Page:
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The day we sang for Pope Benedict

AMANDA CONNELLY shares her memories ahead of the the anniversary of the Holy Father’s visit to Scotland

HAVING the Pope pay a visit about half an hour away from your home is a rare thing indeed. Having the opportunity to actually sing for the Holy Father takes it to a whole new level. As we approach the ­anniversary of Pope Emeritus Benedict XVI’s visit to Scotland in September 2010, it is these two rare, but very fond memories that come to my mind as ­Scotland prepares to mark seven years since the Holy Father celebrated Mass in Glasgow’s Bellahouston Park.

My journey towards singing for Pope Benedict began in my third year at ­Taylor High School, with a group of girls in our music class. Taylor High has a very active and successful music department, and are often seen singing at a number of high-profile events and introducing new music for soloists and choir throughout the school year.

As two of the girls in our music class sat with their guitars and composed a hymn about their beliefs, our Papal hymn, Faith, was born. Simply a draft at this stage and something we could all sing along to, and perhaps a new ­addition for our school Masses, the group of us learned our parts and we included instrumentalists.

But in true Taylor High School music department style, Faith was not to remain simply a song to be kept within the walls of our school. You can ­imagine the slack-jawed looks when the head of department and all-round pianist, ­conductor and musical director Fiona Cannon announced to us that some strings had been pulled.

Our hymn, in a few short months, would see us take centre stage at the upcoming visit of Pope Benedict to Scotland in Bellahouston Park, in front of thousands of people!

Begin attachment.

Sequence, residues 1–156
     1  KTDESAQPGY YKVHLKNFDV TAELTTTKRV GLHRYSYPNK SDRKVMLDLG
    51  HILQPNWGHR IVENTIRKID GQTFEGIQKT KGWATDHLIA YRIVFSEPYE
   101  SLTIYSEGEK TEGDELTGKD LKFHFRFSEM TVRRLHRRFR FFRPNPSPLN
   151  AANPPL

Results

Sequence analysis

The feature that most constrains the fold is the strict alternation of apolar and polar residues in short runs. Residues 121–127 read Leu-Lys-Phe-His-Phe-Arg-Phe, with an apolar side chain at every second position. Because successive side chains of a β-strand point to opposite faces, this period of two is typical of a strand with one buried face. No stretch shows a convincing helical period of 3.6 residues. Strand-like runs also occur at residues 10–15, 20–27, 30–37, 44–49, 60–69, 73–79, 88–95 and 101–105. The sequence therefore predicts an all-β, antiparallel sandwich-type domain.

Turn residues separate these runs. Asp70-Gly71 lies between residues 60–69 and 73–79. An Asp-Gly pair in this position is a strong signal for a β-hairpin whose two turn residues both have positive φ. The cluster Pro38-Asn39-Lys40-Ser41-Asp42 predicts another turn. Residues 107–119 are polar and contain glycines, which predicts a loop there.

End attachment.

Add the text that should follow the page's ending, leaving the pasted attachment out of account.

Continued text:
After much shrieking in a style typical of 15 and 16-year-old girls, it was time to get down to work. Preparing to sing for the head of the Catholic Church doesn’t come without some nerves and a lot of practice.

The lead-up to the event was filled with a lot of hustle and bustle, but a lot of fun too.

We had the opportunity to record Faith in our school’s recording studio, and even made a music video to go along with it, shot by the school ­technician, Mr Stewart, with footage in Carfin Grotto and in and around the school, and helped by music teacher Suzanne Evans.

Admittedly, while it’s lovely to have those memories to look back on of our time at Taylor, and the archived clips featured in the Grotto of days gone by, looking back at your 16-year-old self on camera is perhaps not something you want to do every day.

Let’s just say that the school uniform fashion, hair and makeup choices in 2010 were somewhat questionable, and will hopefully not be making a ­comeback any time soon.

Our music video was not our only turn on-screen: some STV reporters, having heard about our small school’s big ­performance, made a visit to the     school one day. A spur-of-the-moment decision and a couple of questions later, I found my face plastered all over the evening news.